DRAFT Divorce Kids Children

Note: Rather than write the phrase “children of separated/divorced parents in separated households” repeatedly, I’ve shortened the phrase to “separated children,” regandless of the number of overnights they spend with each parent (or alternate caregivers like grandpraents/foster parents).

Parental friendship — or at minimum, adult respect — is healthy for children.

Said another way: separated children should have the closest set of friends, regardless of the current parent with them, as opposed to having two+ totally different sets of social contacts.

In these matters, we should prioritize the children. In my situation, for example, I live in the same neighborhood as the school, and we are open to do many things locally, including occasional short overnight trips nearby. For example, one reason I purchased several memberships to local museums/activity spaces/indoor playgrounds/etc. was to support our children’s stability and consistency of activities, regardless of which parent they’re with. Ideally, this, too, would maintain the same social connections, like with his classmates. Two neighborhoods/houses for young children, split 50/50 or otherwise, is already negative enough for their lives.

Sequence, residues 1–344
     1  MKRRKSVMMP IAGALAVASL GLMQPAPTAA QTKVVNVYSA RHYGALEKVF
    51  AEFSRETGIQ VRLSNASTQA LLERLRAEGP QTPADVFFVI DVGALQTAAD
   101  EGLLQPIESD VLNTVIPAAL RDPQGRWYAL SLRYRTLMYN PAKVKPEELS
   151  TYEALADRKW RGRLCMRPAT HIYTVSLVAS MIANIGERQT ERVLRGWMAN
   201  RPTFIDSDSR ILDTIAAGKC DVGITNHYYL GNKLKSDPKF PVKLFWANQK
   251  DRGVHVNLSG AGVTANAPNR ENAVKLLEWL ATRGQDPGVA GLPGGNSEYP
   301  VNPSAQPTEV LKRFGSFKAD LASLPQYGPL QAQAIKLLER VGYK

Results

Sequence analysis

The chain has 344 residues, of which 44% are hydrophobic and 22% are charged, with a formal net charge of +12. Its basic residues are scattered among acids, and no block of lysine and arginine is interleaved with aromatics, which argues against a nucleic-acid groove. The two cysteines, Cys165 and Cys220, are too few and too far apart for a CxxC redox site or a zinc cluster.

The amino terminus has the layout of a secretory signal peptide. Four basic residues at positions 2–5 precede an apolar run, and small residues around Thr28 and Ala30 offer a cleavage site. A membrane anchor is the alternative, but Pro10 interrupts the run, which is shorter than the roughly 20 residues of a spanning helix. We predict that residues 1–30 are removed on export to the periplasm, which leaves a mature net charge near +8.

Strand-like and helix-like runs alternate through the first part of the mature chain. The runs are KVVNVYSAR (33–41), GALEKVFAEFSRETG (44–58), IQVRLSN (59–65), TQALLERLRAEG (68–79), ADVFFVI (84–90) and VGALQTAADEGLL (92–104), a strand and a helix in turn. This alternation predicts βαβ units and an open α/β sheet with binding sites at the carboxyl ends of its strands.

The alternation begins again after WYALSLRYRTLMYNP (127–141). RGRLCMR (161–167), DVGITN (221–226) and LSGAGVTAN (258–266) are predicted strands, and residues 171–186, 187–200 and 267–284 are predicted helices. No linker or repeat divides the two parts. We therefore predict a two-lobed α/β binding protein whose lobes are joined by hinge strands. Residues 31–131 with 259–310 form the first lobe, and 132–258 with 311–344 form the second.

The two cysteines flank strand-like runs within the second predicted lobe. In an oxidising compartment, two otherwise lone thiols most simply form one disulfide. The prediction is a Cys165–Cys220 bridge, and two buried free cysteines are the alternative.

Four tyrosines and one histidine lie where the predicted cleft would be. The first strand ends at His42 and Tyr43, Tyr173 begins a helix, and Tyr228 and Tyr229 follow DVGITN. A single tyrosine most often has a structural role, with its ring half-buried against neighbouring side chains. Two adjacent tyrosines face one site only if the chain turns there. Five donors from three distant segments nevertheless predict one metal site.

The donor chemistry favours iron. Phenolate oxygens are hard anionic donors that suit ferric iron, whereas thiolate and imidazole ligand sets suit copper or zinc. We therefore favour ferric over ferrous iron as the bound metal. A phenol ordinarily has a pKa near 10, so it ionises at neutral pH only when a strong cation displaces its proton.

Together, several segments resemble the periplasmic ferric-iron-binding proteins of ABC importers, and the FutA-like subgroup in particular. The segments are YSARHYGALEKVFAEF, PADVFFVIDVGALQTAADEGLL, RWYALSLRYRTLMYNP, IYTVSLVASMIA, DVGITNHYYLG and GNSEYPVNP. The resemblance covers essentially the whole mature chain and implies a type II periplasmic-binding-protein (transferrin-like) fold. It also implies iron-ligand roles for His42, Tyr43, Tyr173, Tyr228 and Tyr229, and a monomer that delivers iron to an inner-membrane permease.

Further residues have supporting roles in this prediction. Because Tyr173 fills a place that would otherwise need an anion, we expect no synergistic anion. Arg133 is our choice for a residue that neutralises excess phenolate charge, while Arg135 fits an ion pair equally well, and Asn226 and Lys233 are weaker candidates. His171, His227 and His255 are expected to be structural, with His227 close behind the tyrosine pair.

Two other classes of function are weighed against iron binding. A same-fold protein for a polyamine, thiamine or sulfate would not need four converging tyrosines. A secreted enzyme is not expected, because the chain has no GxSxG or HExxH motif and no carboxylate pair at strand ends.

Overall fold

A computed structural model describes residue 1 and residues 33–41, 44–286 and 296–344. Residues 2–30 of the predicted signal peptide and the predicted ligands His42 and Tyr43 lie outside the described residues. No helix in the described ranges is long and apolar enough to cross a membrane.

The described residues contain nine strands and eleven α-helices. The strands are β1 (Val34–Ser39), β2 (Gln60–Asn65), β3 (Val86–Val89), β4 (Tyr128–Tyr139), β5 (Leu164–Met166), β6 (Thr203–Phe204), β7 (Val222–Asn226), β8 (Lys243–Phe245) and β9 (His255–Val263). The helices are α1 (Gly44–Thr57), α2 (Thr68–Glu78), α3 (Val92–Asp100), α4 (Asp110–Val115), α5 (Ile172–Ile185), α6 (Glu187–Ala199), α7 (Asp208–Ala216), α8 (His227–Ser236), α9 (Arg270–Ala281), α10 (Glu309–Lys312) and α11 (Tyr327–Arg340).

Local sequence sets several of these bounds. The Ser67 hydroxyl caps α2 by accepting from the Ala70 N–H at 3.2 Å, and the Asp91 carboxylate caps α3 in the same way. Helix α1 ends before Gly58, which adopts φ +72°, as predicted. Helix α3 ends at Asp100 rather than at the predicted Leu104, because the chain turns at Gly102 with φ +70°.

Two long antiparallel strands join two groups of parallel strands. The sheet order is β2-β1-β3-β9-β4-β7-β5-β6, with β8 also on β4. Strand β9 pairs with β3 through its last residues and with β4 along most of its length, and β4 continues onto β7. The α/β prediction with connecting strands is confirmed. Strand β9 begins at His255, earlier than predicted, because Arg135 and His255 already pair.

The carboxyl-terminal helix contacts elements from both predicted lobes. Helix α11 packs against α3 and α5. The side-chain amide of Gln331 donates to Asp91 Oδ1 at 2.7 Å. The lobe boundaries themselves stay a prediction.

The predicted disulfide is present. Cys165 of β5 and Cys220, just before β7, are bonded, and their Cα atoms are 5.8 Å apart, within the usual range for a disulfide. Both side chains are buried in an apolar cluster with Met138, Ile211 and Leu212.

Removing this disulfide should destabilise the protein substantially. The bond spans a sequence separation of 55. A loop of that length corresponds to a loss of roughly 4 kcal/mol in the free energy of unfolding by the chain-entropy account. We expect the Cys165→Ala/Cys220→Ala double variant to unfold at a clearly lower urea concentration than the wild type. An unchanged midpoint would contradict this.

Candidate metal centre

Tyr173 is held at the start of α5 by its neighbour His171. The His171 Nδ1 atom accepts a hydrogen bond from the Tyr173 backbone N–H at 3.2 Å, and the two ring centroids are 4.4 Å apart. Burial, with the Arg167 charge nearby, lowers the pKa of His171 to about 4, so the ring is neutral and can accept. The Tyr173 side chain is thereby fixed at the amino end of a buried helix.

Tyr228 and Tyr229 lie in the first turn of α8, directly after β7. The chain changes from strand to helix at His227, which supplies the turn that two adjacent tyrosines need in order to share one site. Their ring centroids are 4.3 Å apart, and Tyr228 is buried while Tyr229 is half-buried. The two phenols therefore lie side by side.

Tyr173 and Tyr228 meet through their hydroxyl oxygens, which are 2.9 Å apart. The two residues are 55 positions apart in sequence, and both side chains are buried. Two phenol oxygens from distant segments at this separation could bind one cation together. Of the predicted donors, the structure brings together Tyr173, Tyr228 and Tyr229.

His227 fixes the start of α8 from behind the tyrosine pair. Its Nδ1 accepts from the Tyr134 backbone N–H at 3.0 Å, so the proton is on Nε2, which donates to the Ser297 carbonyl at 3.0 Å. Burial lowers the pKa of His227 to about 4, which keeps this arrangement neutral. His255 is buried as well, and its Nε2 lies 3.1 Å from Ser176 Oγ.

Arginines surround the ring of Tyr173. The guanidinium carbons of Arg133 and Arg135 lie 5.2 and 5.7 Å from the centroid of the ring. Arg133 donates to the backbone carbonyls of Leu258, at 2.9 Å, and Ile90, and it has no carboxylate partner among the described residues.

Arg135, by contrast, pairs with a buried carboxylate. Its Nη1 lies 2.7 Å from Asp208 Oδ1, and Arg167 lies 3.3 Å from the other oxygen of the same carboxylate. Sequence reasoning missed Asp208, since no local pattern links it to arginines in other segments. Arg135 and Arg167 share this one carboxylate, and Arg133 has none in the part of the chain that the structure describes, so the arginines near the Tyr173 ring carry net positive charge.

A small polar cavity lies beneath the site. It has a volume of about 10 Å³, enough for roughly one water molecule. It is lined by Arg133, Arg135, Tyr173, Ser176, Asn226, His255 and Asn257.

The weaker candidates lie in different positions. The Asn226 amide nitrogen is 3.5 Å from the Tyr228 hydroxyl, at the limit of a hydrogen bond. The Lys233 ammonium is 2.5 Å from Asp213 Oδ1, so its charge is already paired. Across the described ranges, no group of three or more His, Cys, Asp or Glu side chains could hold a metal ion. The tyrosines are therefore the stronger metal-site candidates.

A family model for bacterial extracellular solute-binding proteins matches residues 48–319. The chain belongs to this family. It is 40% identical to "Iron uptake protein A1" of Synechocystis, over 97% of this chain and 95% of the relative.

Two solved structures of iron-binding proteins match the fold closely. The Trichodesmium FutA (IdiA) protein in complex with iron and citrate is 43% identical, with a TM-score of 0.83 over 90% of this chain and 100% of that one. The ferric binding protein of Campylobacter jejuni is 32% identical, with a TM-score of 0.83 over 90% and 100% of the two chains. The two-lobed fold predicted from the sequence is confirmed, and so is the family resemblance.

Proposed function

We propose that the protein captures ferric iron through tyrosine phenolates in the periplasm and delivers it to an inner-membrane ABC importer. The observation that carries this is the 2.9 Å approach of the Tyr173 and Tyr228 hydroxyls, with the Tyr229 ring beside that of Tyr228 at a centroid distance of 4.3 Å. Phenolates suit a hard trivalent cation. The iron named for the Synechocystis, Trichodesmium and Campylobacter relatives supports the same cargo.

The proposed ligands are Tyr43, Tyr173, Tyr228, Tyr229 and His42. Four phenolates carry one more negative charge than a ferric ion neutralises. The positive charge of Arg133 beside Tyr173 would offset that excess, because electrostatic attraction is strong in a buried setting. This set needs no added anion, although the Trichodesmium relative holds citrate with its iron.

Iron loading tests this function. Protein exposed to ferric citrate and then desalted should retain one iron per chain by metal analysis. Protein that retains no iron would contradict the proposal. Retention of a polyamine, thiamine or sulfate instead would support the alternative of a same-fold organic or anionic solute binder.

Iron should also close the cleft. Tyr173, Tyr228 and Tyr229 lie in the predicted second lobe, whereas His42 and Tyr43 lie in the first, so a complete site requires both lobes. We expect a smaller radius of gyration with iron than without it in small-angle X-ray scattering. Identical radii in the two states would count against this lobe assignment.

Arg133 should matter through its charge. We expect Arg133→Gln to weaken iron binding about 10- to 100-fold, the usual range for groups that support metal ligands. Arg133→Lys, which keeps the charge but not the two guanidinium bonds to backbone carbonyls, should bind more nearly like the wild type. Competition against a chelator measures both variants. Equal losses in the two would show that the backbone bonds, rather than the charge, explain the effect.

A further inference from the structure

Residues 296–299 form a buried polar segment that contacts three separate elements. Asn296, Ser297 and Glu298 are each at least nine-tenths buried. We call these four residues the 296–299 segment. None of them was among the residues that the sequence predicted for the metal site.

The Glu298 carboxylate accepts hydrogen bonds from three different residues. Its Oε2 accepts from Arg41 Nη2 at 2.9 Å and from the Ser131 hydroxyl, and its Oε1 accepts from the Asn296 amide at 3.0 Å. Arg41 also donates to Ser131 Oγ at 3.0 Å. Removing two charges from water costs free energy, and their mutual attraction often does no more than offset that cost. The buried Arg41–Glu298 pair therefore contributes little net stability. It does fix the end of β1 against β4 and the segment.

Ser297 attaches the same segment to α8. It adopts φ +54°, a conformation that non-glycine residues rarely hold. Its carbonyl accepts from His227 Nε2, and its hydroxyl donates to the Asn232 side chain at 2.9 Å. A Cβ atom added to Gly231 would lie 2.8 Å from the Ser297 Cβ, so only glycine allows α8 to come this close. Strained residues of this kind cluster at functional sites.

Of course, that last argument is complex and debatable, and depends on the situation the family was leaving when it separated.

Therefore — other friends/family are encouraged to spend time with our children with either parent, but please don’t isolate one of us if our children really enjoy each other’s company. You may not particularly like one of us, but the estrangement and isolation of an adult can be damaging to anyone of any age, including his/her child! To me, the very idea of estrangement is actually un-American.

If you’re uncomfortable about anything, it’s better to start a difficult conversation with (hopefully) minimal confrontation, rather than let things bubble up and ignore them.

Here’s the bigger picture, regarding the concept of familial reconciliation: children usually have hope, as do I for my current situation. Hope vs “false” hope for a child in this situation is proving to be a very interesting philosophical debate: when is “hope” false? When people think I may be exuding “false” hope — rarely by my spoken words, but always by my internal sense of hope for the future — I simply ask people about climate change. I have hope that our civilization work against the ravages of climate change! We may go through some very dark decades this century (figuratively or even literally!), but regardless of the timeline, I do have hope. Is that a false hope? Who can define that phrase? Over 10% of families in these situations reconcile, which is a small number, but it’s significant enough that I don’t think reflecting a child’s natural hope on rare occasion is false. Again, it’s a topic I’m happy to discuss in person!

To close, again, let’s prioritize the child and stability of social contacts. Don’t isolate the child from one parent, spending time with them only with your preferred parent. Aim to maintain the same friends, regardless of which parent the child is with. Stability is key.